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A Double Dose Of Inspiration

Blake (from left), Rory, Carsen and Donna Otto at the Neon Vibe 5K Jan. 3 at Aloha Stadium | Yu Shing Ting photo

Blake (from left), Rory, Carsen and Donna Otto at the Neon Vibe 5K Jan. 3 at Aloha Stadium | Yu Shing Ting photo

Earlier this month I had the opportunity to do the Neon Vibe 5K run with 11-year-old twins Blake and Carsen Otto of Kaneohe.

The event served as a benefit for Kapiolani Medical Center for Women & Children, with a portion of the proceeds donated to Kapiolani’s Children’s Miracle Network.

As we walked the family-friendly fun run at Aloha Stadium, I asked the boys if they knew why I was walking with them and interviewing them. They replied, “Because we’re awesome.”

Yes, they are awesome.

From the day they were born, they’ve inspired others to have hope. Both were born premature at 3-and-a-half months before they were due, and weighed less than 2 pounds each.

Though parents Rory and Donna Otto also have an older son, 14-year-old Devin, who also was born premature, the early arrival of the twins was still very unexpected.

According to Blake and Carsen, Blake is into the “nerdy stuff,” such as band (he plays the drums), and wants to be a book writer and inventor. He also has his own pressure washer business, and his mom wants him to be a balloonist. Carsen, who is the older twin by seven minutes, wants to be an actor.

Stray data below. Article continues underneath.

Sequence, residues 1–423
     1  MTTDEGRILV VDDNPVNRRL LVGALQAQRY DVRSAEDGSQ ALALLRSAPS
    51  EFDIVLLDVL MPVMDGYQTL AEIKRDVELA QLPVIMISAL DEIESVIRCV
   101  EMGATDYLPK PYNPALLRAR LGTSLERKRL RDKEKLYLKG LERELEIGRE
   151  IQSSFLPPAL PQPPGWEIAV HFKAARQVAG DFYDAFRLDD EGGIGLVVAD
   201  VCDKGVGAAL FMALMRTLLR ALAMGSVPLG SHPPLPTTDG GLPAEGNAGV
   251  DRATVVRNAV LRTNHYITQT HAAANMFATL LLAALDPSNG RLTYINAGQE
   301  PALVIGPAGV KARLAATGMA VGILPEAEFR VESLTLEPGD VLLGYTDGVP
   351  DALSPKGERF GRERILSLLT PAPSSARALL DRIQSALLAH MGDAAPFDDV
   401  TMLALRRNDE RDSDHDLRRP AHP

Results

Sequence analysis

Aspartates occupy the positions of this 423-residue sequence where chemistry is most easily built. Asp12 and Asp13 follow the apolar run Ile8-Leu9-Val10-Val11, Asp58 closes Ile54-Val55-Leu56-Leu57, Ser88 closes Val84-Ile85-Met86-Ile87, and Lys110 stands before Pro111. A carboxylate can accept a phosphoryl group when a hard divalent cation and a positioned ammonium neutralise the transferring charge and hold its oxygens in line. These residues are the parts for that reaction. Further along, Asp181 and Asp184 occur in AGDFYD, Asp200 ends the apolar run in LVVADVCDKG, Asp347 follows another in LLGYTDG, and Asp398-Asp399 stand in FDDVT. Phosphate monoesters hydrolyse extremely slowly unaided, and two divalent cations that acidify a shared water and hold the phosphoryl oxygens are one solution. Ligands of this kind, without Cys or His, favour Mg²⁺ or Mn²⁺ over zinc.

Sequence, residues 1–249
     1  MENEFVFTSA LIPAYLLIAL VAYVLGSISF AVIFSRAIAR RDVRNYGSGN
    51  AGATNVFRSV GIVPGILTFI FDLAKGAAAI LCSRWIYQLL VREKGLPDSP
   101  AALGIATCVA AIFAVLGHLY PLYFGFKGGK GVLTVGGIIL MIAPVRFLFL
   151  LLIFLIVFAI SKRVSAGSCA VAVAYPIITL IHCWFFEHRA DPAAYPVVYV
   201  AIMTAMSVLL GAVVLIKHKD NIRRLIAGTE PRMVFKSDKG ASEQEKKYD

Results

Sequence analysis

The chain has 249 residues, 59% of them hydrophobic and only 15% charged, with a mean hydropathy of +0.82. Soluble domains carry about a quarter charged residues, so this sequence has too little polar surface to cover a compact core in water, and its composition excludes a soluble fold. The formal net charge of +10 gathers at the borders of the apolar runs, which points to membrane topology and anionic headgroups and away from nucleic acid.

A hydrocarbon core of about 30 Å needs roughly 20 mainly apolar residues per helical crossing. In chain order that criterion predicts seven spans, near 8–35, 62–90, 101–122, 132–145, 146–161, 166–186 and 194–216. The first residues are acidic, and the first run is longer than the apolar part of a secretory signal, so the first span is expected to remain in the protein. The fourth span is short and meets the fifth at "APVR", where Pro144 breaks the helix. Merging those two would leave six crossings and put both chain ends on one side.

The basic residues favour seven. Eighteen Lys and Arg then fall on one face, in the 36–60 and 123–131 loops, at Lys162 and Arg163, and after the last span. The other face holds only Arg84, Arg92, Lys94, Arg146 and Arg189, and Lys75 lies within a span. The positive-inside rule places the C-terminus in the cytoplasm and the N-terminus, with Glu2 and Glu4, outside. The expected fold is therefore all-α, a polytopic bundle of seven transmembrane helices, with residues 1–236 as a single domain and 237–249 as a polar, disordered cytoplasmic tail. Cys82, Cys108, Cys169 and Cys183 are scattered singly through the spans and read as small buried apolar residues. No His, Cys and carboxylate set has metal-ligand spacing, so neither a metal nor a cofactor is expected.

“Donna’s pregnancies were perfect, and all of a sudden in four hours our lives were changed,” recalls Rory. “At the time, we talked to doctors and the prognosis wasn’t good. They had a 50/50 chance of living. That’s the hardest thing, just not really knowing what was going to be the outcome.

“So, for us, we go to these things because we want people to know that we did it at 25 weeks and we made it. This could happen to anybody. But there is hope, and there is a chance.”

When they were born in November 2002 at Kapiolani Medical Center, Blake stayed in the NICU for four months and Carsen for three months before they could go home. They both experienced lung problems but have since overcome them. Now they attend St. Anthony School in Kailua, and both are doing really well – Blake is on the honor roll and Carsen is close. Devin, who attends Le Jardin Academy, also is doing very well and is “obsessed with video games,” notes the younger siblings.

“We really appreciate what Kapiolani did for us,” says Rory, who owns Nylawn, a company specializing in synthetic turf, playground equipment and surfacing. “(When the babies were there) Donna would go and spend the day there and I would go at night. It’s one of the top neonatal hospitals in the country, and having that in our backyard was a godsend. Because of the knowledge they had, (our children) had a chance and we got lucky three times. So we want to continue to give hope and raise awareness about the hospital.”